The tax system is preventing us from growing, say medium-sized firms

Small businesses get government help. Big businesses can afford tax accountants. Everyone else is stuck in the middle.

by Rachel Savage
Last Updated: 02 Mar 2015

Medium-sized companies are ‘stuck in the middle’, trapped by a tax system that favours small and large businesses, according to a new report by the CBI and accountants Grant Thornton.

The time-consuming tax system is dragging down growth, interrupting cash flow and stopping companies from exporting. While small businesses get government support, medium-sized firms ‘cannot afford to have an army of tax consultants on speed dial’, CBI director general John Cridland said.

Businesses are holding back from growing profits above £1.5m, as they would have to pay corporation tax quarterly instead of annually, but don’t have the cash reserves to do so, the research found. The CBI wants the threshold raised to £5m.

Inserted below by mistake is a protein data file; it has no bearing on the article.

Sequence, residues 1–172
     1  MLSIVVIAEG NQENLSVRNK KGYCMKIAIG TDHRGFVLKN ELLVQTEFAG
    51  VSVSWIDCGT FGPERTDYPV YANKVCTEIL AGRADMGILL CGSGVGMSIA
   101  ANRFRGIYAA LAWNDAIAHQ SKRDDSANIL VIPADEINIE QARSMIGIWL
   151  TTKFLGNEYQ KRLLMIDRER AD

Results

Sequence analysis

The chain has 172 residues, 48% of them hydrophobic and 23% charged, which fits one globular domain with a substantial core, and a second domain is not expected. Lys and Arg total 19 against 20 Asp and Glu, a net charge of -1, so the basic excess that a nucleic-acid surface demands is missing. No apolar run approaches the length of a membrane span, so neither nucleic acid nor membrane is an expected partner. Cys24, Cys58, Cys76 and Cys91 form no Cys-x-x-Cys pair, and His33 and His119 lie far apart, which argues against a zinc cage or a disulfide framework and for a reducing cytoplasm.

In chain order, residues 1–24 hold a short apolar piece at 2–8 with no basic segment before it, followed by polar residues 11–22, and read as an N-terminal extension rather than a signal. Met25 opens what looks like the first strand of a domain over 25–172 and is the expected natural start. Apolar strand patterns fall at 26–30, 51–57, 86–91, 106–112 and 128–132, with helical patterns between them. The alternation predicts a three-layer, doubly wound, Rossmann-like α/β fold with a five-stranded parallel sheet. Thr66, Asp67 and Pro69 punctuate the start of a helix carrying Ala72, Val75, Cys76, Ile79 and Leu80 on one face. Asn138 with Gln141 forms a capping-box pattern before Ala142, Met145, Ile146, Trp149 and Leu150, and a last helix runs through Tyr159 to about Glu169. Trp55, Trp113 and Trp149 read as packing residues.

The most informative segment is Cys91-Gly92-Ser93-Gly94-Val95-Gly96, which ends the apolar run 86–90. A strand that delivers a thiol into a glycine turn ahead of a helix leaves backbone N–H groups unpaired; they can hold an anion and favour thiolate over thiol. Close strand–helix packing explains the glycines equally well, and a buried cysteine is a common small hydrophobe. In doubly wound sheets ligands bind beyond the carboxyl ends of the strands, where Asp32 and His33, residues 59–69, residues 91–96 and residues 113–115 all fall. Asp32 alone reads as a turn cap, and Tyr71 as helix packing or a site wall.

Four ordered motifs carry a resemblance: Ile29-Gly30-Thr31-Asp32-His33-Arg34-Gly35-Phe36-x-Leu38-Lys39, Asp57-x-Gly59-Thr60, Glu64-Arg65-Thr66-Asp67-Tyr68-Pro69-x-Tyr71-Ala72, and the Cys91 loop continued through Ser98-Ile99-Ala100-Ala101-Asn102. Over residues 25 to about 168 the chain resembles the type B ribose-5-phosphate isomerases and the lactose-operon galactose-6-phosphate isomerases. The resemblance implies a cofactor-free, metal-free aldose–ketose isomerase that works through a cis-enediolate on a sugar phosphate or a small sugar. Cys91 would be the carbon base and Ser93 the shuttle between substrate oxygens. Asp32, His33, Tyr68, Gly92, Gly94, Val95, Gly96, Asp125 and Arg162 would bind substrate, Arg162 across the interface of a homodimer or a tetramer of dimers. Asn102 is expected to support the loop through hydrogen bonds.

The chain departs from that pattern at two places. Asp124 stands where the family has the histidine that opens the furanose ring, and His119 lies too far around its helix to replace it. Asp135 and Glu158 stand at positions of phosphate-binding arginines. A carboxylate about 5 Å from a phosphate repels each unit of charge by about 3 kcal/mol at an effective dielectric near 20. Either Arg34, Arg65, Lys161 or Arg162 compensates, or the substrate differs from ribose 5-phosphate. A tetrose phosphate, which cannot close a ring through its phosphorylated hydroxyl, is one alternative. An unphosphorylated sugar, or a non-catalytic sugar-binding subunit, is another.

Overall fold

Meanwhile, medium-sized companies said transfer pricing (allocating profit or loss to the country its actually made in) rules are discouraging them from exporting. The lobby group wants the threshold for exemption to be raised from less than 250 employees to up to 500.

Some are also holding off from taking on investors, as companies don’t qualify for small business R&D relief if they are more than 25%-owned by someone else. That level should be 50%, the CBI argued.

Finally, HMRC isn’t picking up the phone to medium-sized firms, so the CBI is proposing revolutionary solutions such as emails and live chats, along with a new official dedicated to solving their tax queries.

‘I want to create a British Mittelstand that compares to Germany,’ Cridland told the Telegraph. But despite their tax woes, our middling companies are actually taking on the might of the Mittelstand – even if the government has forgotten about its former favourites.

British ‘mid-market’ companies, with turnover of £15m-£800m are set to post sales growth of 6.1% in the next year, according to GE Capital. That’s faster than those in Germany, Italy and France. Now imagine what it could be if we sorted out those darned taxes…

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